Tuesday, April 13, 2010

Surprise Academy winner THE SECRET IN THEIR EYES opens, TM says: "Told you so."

Our honored Academy voters have done it again. Last year, bypas-
sing Waltz With Bashir, The Class, The Baader-Meinhof Complex and Revanche, they handed the Best-Foreign-Language-Film award to the utterly arthouse/
mainstream film (though, to my mind, a good one) Departures. This year, they've repeated themselves, skipping over the likes of The White Ribbon, Ajami, A Prophet and The Milk of Sorrow, allowing "Oscar" to alight on the Argentine romance/melodrama/thriller THE SECRET IN THEIR EYES, co-written (with Eduardo Sacheri, from his novel) and directed by Juan José Campanella (shown below) -- which proves yet another excellent arthouse/mainstream movie.

TrustMovies is happy to say that, this past January, he predicted exactly this in his post on Departures (scroll to the end of that post, anyone of you who are interested), even though "Secret" was the only one of the five Academy-nominated films competing for Best Foreign Language award that he had not yet seen. Advance word about the quality of the film, as well as its content, made it sound like a shoo-in for the Academy's vote. There is a certain kind of movie that seems unstoppable, once nominated for BFLF. (Nowhere in Africa was one of these, and, had it been nominated, so would have been Gloomy Sunday a decade ago).  These are all very good foreign films, probably rather mainstream in their country of origin and so become what I call arthouse/mainstream over here. Further, while they may touch upon dark themes (death in Depatures, the workings of fascism on society in "Secret," the Holocaust in "Africa" and "Sunday"), they are not in themselves dark movies, though "Secret" comes much closer to dark than did Departures. (Its utter darkness, by the way, was the reason that Gomorrah never even made the shortlist of BFLF nominees.)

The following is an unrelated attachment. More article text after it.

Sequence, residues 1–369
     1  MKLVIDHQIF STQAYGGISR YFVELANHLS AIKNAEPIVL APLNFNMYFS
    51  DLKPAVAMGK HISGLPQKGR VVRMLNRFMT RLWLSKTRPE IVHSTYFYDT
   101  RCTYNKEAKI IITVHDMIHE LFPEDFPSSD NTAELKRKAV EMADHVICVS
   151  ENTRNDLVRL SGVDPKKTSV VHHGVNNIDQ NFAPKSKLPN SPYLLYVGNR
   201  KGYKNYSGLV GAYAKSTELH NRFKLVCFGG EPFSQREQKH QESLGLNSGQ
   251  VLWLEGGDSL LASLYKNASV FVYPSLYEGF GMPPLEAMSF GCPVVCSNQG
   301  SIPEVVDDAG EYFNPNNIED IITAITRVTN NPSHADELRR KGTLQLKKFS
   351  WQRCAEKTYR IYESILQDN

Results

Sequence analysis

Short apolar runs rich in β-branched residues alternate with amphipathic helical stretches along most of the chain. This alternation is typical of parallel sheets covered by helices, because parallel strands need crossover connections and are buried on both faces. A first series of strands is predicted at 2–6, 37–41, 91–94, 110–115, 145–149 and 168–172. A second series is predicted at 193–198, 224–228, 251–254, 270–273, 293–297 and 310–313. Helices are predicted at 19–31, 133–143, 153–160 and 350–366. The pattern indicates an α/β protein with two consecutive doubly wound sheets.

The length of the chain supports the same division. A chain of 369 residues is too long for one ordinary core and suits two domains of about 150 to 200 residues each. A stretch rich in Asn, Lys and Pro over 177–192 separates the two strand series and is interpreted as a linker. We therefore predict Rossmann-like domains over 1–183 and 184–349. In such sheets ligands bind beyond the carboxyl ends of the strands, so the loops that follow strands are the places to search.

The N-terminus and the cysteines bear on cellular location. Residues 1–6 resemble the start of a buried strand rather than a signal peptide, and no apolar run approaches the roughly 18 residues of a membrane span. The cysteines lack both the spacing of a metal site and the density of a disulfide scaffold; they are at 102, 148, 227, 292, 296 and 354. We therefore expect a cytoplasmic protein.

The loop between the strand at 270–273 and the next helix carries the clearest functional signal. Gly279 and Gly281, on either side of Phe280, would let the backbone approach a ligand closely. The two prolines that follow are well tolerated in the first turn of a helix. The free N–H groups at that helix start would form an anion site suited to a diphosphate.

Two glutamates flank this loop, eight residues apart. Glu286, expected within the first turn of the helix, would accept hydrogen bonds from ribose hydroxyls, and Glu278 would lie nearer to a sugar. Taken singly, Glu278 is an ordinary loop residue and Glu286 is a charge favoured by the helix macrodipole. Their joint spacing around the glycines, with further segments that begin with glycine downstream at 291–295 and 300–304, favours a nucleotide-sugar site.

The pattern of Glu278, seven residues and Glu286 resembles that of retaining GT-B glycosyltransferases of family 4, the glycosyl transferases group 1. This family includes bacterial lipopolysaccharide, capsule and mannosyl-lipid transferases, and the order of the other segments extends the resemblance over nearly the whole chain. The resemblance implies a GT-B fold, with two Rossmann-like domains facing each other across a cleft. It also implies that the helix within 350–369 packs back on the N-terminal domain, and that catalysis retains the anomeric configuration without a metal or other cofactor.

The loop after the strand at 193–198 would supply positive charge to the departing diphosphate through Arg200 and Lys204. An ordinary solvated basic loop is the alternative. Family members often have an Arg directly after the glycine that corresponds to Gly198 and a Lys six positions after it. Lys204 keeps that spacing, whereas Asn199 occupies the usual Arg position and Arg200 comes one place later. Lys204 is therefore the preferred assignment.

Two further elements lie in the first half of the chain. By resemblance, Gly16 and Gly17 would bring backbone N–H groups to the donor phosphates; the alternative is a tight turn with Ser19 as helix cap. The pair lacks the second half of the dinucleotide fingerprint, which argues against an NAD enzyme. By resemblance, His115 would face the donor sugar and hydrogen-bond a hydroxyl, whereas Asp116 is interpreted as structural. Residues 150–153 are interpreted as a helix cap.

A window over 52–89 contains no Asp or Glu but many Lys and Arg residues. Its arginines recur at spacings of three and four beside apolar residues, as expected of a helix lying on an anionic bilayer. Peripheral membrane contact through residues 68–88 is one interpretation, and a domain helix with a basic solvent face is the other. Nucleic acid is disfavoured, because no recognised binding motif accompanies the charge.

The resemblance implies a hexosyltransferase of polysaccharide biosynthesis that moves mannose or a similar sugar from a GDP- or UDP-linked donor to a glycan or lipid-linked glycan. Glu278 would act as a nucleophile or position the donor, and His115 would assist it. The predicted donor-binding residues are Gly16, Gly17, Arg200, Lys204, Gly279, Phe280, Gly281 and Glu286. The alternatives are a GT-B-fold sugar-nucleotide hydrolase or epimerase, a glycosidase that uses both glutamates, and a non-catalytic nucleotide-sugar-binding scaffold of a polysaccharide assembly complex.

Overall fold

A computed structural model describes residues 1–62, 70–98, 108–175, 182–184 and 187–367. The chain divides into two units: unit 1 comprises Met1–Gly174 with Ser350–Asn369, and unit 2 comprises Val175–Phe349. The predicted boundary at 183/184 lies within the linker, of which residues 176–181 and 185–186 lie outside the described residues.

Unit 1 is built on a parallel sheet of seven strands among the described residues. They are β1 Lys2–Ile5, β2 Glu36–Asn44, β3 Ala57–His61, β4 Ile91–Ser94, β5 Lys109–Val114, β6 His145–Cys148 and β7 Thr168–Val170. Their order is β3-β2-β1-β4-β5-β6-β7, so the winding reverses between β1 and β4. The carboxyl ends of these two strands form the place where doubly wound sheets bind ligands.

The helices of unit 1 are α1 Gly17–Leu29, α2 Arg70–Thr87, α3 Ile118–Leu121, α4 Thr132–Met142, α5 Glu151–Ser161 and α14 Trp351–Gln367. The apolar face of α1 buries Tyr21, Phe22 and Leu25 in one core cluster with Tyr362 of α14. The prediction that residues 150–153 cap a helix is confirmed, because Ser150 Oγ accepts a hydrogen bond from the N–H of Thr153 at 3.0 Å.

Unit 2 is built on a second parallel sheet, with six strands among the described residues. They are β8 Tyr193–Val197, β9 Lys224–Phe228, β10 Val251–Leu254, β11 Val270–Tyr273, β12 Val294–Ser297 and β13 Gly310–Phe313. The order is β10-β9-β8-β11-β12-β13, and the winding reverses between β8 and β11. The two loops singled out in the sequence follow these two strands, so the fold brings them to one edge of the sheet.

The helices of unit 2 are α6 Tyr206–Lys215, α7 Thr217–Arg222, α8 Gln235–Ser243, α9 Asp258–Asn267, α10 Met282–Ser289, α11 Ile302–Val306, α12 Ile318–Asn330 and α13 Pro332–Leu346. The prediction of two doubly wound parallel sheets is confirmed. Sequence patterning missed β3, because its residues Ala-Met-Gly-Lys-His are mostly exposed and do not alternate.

With the theatrical opening of The Secret in Their Eyes this week, we'll all have the opportunity to see it (I recommend you do) and weigh in.  The movie is lush but intelligent, full of emotion and event yet packed with buried history.  In it, a now-retired criminal court investigator begins a a novel he intends to write concerning a never-fully-resolved murder case that occurred 25 years ago.  Played by Ricardo Darin (above and below), an Argentine actor as charismatic and talented as were Mastroianni or Belmondo in their day, this character holds the film and its other characters together, as everything revolves around him and his preoccupations, then and now. These include love, honor, friendship -- and memory.

A murder of a beautiful young woman provides the jumping-off point for all of this, and though we barely see that act (all jump cuts and in-and-out memories, as the film progresses), its aftermath is grizzly and provocative enough to make her death remain the cen-
ter of our attention.  Yet the film is also a love story (two of them, in fact) -- the who, how and why of which we learn only as "Secret" unravels.  Memory and the necessity of remembering are vital to the movie, as is the idea of justice, both served and betrayed.

In Argentina between 1976 and 1983, it is estimated that up to 30,000 people (there are 9,000 verified and "named" cases) were murdered by the country's fascist police state.  This was the time of "the Disappeared," and though I believe that none of this is ever mentioned in the film -- which takes place in two time frames: 1974 and 2009 -- this terrible era of Argentine history hangs over the movie like an unspoken curse, tainting everything and everyone.

There is a scene (above) in an elevator that will not only tie your stomach in knots but, in retrospect, demonstrates all too clearly what happens when a country's judicial system is corrupted, allowing the stench to engulf the workplace and the home, from society's caretakers to those they are supposed to care for.  It is this rot that spreads outwards, contaminating every character in the film and is responsible for what should not happen but does, and for what should happen but does not.  Society under the beginnings of Fascism is brought to creepy life via this memorably convoluted scenario.

Other than Señor Darin, the cast assembled is full of talented unknowns, so far as the US audience is concerned.  All the players are first-rate, especially Soledad Villamil (above, left) as Darin's love interest, Guillermo Francella, as his alcohol-prone partner (below, right), Pablo Rago as the grieving husband and Javier Godino (shown two photos above, with the gun in that elevator) as the "perp."   You can enjoy The Secret in Their Eyes for its love story, its thriller aspects, its drama.  Watchful viewers, however, may also get a glimpse of how uneasy Argentine audiences must have been to see their recent history laid bare so subtly and artfully.  As fine as were the other Best Foreign Language Film nominees, there is no reason to feel that this year's award was mis-bestowed.

The Secret in Their Eyes, from Sony Pictures Classics, opens Friday, April 16, in New York City and Los Angeles, with a limited national rollout to follow.

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